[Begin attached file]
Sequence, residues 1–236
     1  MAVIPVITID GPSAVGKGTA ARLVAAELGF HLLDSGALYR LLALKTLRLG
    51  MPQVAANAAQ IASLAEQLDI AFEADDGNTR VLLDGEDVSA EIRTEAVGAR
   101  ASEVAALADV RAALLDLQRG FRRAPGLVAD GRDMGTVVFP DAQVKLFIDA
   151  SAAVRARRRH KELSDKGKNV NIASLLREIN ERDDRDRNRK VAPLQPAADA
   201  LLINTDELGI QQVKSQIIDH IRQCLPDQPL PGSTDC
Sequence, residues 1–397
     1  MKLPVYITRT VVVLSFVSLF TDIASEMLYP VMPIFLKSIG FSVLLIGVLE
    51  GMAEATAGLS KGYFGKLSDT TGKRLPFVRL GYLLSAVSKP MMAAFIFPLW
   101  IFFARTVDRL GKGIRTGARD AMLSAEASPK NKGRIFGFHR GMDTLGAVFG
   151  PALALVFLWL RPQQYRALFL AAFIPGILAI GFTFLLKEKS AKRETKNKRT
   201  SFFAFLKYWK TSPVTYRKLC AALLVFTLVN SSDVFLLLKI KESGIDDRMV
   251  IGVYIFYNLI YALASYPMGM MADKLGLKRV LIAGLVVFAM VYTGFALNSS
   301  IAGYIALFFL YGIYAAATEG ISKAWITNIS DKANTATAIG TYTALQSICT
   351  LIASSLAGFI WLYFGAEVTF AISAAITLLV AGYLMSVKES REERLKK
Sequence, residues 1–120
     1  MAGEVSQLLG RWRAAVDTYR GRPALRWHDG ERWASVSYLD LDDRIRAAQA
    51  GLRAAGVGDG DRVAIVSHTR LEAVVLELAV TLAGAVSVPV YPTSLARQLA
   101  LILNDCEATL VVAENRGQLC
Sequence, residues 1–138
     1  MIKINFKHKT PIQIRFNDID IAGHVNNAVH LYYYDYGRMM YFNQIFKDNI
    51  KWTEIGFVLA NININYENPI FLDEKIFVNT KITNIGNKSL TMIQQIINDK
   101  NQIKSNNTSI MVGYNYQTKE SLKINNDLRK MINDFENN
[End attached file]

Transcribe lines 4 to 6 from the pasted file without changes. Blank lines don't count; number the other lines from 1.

   101  ASEVAALADV RAALLDLQRG FRRAPGLVAD GRDMGTVVFP DAQVKLFIDA
   151  SAAVRARRRH KELSDKGKNV NIASLLREIN ERDDRDRNRK VAPLQPAADA
   201  LLINTDELGI QQVKSQIIDH IRQCLPDQPL PGSTDC